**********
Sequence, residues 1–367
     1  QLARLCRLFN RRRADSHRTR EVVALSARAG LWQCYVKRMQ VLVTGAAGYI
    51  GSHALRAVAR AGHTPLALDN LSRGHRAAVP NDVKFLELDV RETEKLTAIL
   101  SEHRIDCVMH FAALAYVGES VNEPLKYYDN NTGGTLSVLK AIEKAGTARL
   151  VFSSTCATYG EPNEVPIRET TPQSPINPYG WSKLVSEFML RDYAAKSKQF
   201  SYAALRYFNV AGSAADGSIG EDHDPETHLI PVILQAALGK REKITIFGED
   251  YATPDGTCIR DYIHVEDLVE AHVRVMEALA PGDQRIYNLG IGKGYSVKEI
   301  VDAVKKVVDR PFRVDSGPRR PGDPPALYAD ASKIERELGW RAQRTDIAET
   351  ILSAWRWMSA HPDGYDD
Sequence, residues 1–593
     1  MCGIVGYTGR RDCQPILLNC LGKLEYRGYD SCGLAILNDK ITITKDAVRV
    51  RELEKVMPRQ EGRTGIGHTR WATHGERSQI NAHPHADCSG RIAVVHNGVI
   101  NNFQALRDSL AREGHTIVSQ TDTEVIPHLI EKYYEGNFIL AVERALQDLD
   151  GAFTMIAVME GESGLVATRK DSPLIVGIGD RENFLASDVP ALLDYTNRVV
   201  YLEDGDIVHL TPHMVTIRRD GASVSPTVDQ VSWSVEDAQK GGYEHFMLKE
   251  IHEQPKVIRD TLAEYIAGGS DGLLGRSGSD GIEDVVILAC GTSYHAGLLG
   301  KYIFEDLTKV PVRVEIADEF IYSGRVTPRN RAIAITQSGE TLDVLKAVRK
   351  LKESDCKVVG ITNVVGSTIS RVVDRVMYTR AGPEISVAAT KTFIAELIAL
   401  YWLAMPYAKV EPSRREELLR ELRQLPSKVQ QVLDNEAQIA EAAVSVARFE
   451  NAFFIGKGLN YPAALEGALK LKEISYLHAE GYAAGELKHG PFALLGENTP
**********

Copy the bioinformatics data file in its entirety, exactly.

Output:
Sequence, residues 1–367
     1  QLARLCRLFN RRRADSHRTR EVVALSARAG LWQCYVKRMQ VLVTGAAGYI
    51  GSHALRAVAR AGHTPLALDN LSRGHRAAVP NDVKFLELDV RETEKLTAIL
   101  SEHRIDCVMH FAALAYVGES VNEPLKYYDN NTGGTLSVLK AIEKAGTARL
   151  VFSSTCATYG EPNEVPIRET TPQSPINPYG WSKLVSEFML RDYAAKSKQF
   201  SYAALRYFNV AGSAADGSIG EDHDPETHLI PVILQAALGK REKITIFGED
   251  YATPDGTCIR DYIHVEDLVE AHVRVMEALA PGDQRIYNLG IGKGYSVKEI
   301  VDAVKKVVDR PFRVDSGPRR PGDPPALYAD ASKIERELGW RAQRTDIAET
   351  ILSAWRWMSA HPDGYDD
Sequence, residues 1–593
     1  MCGIVGYTGR RDCQPILLNC LGKLEYRGYD SCGLAILNDK ITITKDAVRV
    51  RELEKVMPRQ EGRTGIGHTR WATHGERSQI NAHPHADCSG RIAVVHNGVI
   101  NNFQALRDSL AREGHTIVSQ TDTEVIPHLI EKYYEGNFIL AVERALQDLD
   151  GAFTMIAVME GESGLVATRK DSPLIVGIGD RENFLASDVP ALLDYTNRVV
   201  YLEDGDIVHL TPHMVTIRRD GASVSPTVDQ VSWSVEDAQK GGYEHFMLKE
   251  IHEQPKVIRD TLAEYIAGGS DGLLGRSGSD GIEDVVILAC GTSYHAGLLG
   301  KYIFEDLTKV PVRVEIADEF IYSGRVTPRN RAIAITQSGE TLDVLKAVRK
   351  LKESDCKVVG ITNVVGSTIS RVVDRVMYTR AGPEISVAAT KTFIAELIAL
   401  YWLAMPYAKV EPSRREELLR ELRQLPSKVQ QVLDNEAQIA EAAVSVARFE
   451  NAFFIGKGLN YPAALEGALK LKEISYLHAE GYAAGELKHG PFALLGENTP